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The European Union (EU) has given its final approval for sanctions including a partial ban on imports of Russian oil in response to Moscow’s invasion of Ukraine.
The approval for sixth package of sanctions, which includes ban on Russia’s top bank Sberbank, follows withdrawal of objections by Hungary, which had been holding it up since weeks.
Said to be EU’s toughest sanctions so far, the new measures are intended to limit Russia’s financing ability for the war in Ukraine.
The sanctions package also includes removal of Russia’s top bank Sberbank from international payments system SWIFT targets Credit Bank of Moscow and the Russian Agricultural Bank.
Recently, EU leaders agreed to an embargo to cut Russian crude oil imports by sea to member states by end-2022 and refined petroleum products in a period of eight months.
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However, countries such as Hungary, Slovakia, and the Czech Republic secured exemptions for the Russian oil imports via the Druzhba pipeline on which they relay.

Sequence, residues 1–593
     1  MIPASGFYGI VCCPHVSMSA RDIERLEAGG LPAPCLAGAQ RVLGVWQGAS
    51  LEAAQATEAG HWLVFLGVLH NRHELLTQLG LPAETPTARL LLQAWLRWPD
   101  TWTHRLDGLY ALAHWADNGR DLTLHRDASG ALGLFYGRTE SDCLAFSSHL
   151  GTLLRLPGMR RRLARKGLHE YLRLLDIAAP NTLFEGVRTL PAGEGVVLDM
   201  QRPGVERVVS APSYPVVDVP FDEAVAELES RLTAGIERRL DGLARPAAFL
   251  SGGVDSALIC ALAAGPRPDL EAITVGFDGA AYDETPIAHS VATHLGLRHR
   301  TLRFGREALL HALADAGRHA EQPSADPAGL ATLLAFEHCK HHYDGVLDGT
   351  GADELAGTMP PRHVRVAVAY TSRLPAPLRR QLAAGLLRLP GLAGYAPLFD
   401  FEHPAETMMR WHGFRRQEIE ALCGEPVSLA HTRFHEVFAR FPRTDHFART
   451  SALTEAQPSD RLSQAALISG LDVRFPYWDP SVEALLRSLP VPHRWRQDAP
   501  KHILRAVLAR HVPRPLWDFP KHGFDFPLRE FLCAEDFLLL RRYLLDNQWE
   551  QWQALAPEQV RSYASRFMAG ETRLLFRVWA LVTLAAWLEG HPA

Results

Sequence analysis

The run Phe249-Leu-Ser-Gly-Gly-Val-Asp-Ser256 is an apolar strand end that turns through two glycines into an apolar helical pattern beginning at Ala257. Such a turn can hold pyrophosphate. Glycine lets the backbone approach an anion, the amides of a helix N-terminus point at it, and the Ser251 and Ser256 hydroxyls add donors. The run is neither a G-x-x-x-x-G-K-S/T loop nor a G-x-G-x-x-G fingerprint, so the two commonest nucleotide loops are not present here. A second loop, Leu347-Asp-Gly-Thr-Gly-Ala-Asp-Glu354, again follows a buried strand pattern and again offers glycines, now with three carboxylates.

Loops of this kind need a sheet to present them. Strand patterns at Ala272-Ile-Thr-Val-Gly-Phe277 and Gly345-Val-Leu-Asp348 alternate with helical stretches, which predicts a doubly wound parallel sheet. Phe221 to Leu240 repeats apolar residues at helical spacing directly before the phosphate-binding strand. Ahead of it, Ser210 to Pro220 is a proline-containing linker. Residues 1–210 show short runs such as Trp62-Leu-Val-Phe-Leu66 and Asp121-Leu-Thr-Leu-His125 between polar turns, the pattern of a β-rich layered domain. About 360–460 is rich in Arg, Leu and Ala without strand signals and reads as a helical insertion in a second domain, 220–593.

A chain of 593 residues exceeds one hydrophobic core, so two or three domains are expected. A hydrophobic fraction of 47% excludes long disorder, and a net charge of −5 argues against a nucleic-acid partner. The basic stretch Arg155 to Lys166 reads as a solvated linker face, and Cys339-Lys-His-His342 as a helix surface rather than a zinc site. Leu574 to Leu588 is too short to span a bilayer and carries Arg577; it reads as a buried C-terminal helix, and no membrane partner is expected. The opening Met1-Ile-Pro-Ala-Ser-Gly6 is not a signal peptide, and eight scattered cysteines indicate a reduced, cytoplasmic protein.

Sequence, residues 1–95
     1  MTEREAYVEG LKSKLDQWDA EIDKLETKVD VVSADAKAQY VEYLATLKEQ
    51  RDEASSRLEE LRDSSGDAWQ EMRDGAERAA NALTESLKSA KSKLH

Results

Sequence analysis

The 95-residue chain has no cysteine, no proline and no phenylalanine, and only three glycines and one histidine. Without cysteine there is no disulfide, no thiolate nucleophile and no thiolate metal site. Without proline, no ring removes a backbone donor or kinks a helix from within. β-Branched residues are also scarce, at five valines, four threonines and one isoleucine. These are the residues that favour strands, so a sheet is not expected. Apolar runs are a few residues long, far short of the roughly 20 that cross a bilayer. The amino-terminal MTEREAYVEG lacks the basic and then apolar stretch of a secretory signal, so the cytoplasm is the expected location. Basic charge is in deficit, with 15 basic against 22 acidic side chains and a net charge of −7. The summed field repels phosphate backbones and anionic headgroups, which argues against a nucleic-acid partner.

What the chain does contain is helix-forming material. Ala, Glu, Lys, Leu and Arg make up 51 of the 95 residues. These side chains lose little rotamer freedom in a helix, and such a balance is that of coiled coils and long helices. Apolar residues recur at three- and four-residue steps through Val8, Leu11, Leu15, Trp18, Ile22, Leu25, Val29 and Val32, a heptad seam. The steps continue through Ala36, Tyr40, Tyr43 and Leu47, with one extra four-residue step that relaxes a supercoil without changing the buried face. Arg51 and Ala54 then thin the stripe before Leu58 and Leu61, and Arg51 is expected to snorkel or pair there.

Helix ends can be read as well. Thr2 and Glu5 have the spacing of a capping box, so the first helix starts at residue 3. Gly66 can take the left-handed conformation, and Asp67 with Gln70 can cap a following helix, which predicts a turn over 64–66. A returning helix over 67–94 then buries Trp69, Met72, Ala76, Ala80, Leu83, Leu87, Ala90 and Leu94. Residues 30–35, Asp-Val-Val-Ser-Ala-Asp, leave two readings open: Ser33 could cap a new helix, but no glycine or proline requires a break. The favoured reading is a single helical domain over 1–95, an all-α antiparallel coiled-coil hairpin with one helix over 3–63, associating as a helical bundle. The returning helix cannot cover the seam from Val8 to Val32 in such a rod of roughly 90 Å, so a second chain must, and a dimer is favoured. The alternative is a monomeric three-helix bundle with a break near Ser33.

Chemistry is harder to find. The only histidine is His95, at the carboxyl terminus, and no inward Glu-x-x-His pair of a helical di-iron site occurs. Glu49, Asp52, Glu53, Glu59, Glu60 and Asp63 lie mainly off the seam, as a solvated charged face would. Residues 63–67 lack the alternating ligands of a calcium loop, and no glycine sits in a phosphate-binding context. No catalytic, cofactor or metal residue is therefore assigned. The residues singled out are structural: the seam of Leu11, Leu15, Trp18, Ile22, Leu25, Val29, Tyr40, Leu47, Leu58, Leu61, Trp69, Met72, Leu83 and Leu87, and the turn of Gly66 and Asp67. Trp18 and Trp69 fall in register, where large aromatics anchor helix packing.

These landlocked countries are given additional time to implement measures to cut oil supplies from Russia.
Commenting on the EU’s new measures, EU executive commission Ursula von der Leyen was cited by Reuters as saying: “This will reduce Russia’s capacity to finance its war.”
Furthermore, the new sanctions will see immediate ban on insuring ships that transport Russian oil elsewhere, Reuters reported citing an EU official.
The European countries are also required to phase out the existing contracts with Russian firms over a period of six months.
In a separate development, amid surging global crude oil prices, the Organization of the Petroleum Exporting Countries (OPEC) and allies including Russia, known as OPEC+, has agreed to boost crude oil production to make it for Russia’s crude production decline.
OPEC+ aims to boost oil output by 648,000 barrels per day (bpd) in July and August 2022. This marks an increase from 432,000 bpd output planned in June 2022.